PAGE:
“Yes, sir.”

“Evil’s everywhere, isn’t it? And God did make everything, correct?”

“Yes.”

“So who created evil?” The professor continued, “If God created everything, then God created evil, since evil exists, and according to the principle that our works define who we are, then God is evil.”

Again, the student has no answer. “Is there sickness? Immorality? Hatred? Ugliness? All these terrible things, do they exist in this world?”

The student squirms on his feet. “Yes.”

“So who created them?”

The student does not answer again, so the professor repeats his question. “Who created them?” There is still no answer. Suddenly the lecturer breaks away to pace in front of the classroom. The class is mesmerized. “Tell me,” he continues onto another student. “Do you believe in Jesus Christ, son?”

The student’s voice betrays him and cracks. “Yes, professor, I do.”

The old man stops pacing. “Science says you have five senses you use to identify and observe the world around you. Have you ever seen Jesus?”

“No sir. I’ve never seen Him.”

“Then tell us if you’ve ever heard your Jesus?”

“No, sir, I have not.”

“Have you ever felt your Jesus, tasted your Jesus or smelt your Jesus? Have you ever had any sensory perception of Jesus Christ, or God for that matter?”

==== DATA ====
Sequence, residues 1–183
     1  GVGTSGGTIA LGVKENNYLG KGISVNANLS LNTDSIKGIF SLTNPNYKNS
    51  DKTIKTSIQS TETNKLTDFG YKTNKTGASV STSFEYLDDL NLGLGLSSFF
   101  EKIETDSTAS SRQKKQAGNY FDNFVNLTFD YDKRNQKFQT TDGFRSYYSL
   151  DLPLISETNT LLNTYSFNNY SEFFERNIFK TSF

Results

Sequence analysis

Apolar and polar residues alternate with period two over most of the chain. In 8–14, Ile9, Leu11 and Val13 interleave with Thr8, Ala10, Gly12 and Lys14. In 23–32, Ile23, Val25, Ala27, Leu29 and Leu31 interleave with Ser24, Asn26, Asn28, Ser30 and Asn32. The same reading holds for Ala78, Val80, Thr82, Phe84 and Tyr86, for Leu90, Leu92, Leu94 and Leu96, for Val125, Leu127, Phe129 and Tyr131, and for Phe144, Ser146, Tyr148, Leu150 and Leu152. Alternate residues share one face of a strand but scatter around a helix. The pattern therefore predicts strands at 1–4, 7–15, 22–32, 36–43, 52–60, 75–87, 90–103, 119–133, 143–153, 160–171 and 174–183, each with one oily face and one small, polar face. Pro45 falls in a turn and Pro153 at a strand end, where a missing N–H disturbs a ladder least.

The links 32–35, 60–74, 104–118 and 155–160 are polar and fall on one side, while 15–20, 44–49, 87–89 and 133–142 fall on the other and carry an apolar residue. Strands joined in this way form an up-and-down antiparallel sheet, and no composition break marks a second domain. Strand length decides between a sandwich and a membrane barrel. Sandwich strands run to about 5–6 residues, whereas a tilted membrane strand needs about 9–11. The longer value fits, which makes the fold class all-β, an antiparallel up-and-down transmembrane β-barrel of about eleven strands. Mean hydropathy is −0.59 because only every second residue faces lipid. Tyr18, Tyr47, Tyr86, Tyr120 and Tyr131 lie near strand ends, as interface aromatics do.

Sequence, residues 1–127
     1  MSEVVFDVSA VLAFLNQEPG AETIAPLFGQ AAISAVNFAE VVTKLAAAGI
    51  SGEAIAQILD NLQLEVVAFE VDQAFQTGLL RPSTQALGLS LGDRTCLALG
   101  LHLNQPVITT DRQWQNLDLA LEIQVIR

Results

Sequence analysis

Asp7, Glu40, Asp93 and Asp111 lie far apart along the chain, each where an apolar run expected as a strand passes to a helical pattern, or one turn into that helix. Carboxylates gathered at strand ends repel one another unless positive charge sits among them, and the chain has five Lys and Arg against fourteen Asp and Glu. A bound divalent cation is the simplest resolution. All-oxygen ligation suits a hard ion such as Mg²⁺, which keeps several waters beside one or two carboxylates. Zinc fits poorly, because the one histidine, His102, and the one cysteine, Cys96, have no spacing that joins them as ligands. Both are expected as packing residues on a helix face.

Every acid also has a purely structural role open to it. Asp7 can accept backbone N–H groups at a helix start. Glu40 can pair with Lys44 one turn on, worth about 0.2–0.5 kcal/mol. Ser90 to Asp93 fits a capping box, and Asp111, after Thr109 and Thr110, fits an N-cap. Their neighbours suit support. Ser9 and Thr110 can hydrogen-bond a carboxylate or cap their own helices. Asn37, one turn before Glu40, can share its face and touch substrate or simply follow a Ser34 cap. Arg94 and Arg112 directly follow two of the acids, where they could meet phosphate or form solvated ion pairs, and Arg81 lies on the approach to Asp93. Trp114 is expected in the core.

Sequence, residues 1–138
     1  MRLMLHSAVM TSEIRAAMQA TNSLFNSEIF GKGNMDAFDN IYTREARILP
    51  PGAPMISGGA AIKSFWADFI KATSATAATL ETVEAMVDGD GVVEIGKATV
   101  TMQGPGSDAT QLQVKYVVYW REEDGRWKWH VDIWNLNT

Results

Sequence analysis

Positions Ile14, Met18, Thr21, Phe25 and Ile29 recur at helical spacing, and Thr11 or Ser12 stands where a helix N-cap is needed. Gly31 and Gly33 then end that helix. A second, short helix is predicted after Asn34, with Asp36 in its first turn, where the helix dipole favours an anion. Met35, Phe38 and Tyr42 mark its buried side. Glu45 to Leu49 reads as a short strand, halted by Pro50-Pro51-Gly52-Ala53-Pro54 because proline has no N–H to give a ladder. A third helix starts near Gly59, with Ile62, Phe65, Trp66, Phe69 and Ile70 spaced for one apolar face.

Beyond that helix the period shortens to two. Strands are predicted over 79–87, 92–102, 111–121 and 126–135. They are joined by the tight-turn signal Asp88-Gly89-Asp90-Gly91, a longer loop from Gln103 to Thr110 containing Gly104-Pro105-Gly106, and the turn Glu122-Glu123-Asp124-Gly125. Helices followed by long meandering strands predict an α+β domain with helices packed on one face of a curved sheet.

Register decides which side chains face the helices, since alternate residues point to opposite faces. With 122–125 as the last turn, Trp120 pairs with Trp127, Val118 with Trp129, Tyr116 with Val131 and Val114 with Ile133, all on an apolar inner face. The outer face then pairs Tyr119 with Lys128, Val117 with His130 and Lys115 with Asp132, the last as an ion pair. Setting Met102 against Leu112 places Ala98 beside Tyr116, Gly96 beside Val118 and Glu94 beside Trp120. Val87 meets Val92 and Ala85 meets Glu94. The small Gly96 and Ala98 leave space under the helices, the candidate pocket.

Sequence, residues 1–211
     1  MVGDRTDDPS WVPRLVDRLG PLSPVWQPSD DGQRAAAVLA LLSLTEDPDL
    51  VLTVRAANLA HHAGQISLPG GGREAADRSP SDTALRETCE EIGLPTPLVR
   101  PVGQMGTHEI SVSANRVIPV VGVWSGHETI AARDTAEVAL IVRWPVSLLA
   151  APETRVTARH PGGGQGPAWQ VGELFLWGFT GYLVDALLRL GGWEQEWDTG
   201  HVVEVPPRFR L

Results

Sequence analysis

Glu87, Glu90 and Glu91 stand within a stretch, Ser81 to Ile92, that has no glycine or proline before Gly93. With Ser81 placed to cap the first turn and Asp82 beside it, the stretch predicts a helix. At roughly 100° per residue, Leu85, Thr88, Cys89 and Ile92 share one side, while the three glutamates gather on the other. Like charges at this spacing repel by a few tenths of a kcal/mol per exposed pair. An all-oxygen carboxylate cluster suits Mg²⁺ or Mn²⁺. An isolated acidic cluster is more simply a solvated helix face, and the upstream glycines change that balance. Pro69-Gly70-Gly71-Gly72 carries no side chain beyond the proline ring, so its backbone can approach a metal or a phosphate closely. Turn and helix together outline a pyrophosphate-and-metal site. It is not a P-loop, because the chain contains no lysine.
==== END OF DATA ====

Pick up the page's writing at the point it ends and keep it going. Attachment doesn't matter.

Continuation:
“No, sir, I’m afraid I haven’t.”

“Yet you still believe in him?”

“Yes.”

“According to the rules of empirical, testable, demonstrable protocol, science says your God doesn’t exist. What do you say to that, son?”

“Nothing,” the student replies. “I only have my faith.”

“Yes, faith,” the professor repeats. “And that is the problem science has with God. There is no evidence, only faith.”

The student stands quietly for a moment, before asking a question of His own. “Professor, is there such thing as heat?”

“Yes,” the professor replies. “There’s heat.”

“And is there such a thing as cold?”

“Yes, son, there’s cold too.”

“No sir, there isn’t.”

The professor turns to face the student, obviously interested. The room suddenly becomes very quiet. The student begins to explain. “You can have lots of heat, even more heat, super-heat, mega-heat, unlimited heat, white heat, a little heat or no heat, but we don’t have anything called ‘cold’. We can hit up to 458 degrees below zero, which is no heat, but we can’t go any further after that. There is no such thing as cold; otherwise we would be able to go colder than the lowest -458 degrees.”

“Every body or object is susceptible to study when it has or transmits energy, and heat is what makes a body or matter have or transmit energy. Absolute zero (-458 F) is the total absence of heat. You see, sir, cold is only a word we use to describe the absence of heat. We cannot measure cold. Heat we can measure in thermal units because heat is energy. Cold is not the opposite of heat, sir, just the absence of it.”

Silence across the room. A pen drops somewhere in the classroom, sounding like a hammer.

“What about darkness, professor. Is there such a thing as darkness?”

“Yes,” the professor replies without hesitation. “What is night if it isn’t darkness?”